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Asia Minute: Driving Diplomacy in the Indo-Pacific

Xi Jinping China United Nations
Mary Altaffer/AP
Pool AP
China's President Xi Jinping remotely addresses the 76th session of the United Nations General Assembly in a pre-recorded message, Tuesday Sept. 21, 2021, at UN headquarters. (AP Photo/Mary Altaffer, Pool)

This is a week of international diplomacy as the United Nations holds its General Assembly meetings in New York. Later this week, a smaller gathering of allies in the Indo-Pacific will draw international attention, especially from one nation that’s not invited.

President Biden hosts a meeting with three key allies on Friday — Australia, India and Japan.

It’s the first time the four leaders will meet in person in the grouping formally known as the “quadrilateral security dialogue,” or simply the “Quad.”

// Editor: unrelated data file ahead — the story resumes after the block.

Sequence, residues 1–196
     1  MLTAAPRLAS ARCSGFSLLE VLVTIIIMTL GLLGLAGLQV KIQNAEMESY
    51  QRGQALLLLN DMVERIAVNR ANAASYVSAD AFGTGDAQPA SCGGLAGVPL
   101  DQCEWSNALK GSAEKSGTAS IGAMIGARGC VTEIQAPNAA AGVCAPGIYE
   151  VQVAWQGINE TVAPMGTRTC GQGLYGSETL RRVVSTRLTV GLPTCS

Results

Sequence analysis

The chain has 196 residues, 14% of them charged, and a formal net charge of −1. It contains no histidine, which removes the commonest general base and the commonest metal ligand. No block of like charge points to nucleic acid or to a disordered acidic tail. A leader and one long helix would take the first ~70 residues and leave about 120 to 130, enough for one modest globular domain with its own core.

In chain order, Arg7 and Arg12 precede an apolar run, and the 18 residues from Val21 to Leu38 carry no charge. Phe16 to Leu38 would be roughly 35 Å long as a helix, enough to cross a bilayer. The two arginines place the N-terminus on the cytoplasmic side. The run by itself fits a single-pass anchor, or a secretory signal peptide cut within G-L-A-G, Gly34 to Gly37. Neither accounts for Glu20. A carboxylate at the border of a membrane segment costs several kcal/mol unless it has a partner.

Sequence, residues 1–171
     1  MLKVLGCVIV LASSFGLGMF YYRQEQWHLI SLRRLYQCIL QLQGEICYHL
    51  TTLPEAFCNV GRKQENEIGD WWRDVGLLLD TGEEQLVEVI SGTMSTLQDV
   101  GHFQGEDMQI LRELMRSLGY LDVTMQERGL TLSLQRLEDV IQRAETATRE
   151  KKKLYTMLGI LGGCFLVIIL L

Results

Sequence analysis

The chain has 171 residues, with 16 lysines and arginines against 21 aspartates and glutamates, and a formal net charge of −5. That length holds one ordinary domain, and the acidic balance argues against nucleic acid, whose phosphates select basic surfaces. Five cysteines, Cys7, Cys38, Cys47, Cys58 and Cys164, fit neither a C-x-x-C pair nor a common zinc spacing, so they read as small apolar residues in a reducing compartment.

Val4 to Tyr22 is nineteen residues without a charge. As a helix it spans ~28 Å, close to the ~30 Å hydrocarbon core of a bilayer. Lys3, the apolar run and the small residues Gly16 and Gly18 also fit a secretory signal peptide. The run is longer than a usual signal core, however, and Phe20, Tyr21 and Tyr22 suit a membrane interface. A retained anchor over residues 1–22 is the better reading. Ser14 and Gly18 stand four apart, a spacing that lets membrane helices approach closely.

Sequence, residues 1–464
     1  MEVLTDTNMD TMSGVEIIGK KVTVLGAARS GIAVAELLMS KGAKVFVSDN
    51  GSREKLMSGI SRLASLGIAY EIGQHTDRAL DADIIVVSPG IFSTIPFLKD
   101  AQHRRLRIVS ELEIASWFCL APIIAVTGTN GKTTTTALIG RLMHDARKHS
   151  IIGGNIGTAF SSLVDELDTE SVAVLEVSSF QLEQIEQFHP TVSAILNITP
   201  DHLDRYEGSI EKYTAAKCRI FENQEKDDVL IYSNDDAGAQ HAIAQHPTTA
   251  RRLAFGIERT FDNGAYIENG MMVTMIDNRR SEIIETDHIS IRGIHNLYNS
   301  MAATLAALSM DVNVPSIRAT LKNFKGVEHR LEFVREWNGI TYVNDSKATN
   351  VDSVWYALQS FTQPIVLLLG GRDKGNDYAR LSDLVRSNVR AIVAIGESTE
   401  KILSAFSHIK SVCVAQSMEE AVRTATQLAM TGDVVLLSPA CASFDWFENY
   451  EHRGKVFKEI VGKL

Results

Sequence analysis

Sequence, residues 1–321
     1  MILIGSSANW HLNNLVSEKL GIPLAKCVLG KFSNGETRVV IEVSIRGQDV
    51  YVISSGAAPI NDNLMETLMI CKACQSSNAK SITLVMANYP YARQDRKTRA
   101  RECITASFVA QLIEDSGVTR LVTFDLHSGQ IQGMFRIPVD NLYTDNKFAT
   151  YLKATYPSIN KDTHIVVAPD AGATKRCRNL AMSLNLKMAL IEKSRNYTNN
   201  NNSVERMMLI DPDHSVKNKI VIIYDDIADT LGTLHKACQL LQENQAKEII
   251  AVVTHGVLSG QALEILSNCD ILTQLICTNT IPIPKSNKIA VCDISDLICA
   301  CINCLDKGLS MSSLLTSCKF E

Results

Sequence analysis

The grouping first came together following the 2004 Indian Ocean tsunami.

The four countries helped shape recovery and relief efforts after that disaster killed more than a quarter of a million people.

They went on to hold a working-level meeting, and one maritime exercise, but the group dissolved — in large part because of China’s reaction.

In November 2017, the group was revived — with a series of working level meetings and one ministerial gathering.

This past March, the leaders held their first virtual meeting and released a joint statement.

While China was not mentioned, it did say the group strives “for a region that is free, open, inclusive, healthy, anchored by democratic values and unconstrained by coercion.”

China still doesn’t like the grouping, nor that wording.

Last week a Chinese Foreign Ministry spokesman criticized “exclusive cliques targeting other countries” — saying “it won’t be popular and has no future.”

Bill Dorman has been the news director at Hawaiʻi Public Radio since 2011.
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